To the intending purchaser, if a novice, the following hints on purchasing may be helpful. Do not be satisfied with particulars of measurements sent to you in writing; one person may, according to his own ideas, make a dog's head from one to two inches longer than it actually is, and three inches difference between the actual and reputed height at shoulder is no uncommon thing. The writer has often had particulars sent of measurements that put the dimensions of the champion dogs of the day to shame; but when the dog itself arrived, there was always a difficulty in getting the measurements to agree with those of the vendor. If you have no friend who understands the breed, place yourself in the hands of a breeder of repute, pay a fair price, and you will get fair value.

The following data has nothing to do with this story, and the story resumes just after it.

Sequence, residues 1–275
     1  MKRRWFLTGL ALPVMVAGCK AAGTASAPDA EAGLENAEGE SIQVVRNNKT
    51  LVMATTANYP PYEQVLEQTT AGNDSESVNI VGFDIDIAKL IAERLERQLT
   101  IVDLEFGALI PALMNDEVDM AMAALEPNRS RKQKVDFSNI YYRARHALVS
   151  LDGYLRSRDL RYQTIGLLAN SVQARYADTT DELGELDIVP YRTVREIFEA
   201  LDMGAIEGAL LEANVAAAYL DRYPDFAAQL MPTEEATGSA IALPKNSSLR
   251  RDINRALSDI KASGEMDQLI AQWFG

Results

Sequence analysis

In selecting a puppy, choose the one with the longest head, biggest bone, smallest ears, and longest tail. If you can get all these qualities combined, so much the better. As regards coat, it is preferable to be guided by those of the parents, if possible; a puppy may carry a splendid coat, but after casting this, may never grow a good one. Some dogs never grow a long coat, containing, as they do, much of the blood of the wavy and less profuse coated strain.